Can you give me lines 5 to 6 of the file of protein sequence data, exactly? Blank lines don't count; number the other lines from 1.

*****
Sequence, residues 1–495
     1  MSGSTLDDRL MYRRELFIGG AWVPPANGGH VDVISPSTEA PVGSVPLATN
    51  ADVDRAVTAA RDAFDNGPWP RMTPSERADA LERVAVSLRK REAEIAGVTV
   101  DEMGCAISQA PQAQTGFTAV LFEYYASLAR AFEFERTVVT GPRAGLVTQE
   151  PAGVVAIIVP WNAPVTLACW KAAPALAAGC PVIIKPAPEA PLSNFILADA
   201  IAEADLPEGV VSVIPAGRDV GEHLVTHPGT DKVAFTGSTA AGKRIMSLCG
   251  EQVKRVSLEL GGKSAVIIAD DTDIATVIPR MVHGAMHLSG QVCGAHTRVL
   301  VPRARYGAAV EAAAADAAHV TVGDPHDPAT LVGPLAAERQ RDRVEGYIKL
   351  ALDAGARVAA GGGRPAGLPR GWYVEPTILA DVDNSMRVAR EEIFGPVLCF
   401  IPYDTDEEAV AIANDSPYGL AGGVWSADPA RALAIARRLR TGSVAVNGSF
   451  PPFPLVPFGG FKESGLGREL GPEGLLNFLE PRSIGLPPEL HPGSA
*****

   151  PAGVVAIIVP WNAPVTLACW KAAPALAAGC PVIIKPAPEA PLSNFILADA
   201  IAEADLPEGV VSVIPAGRDV GEHLVTHPGT DKVAFTGSTA AGKRIMSLCG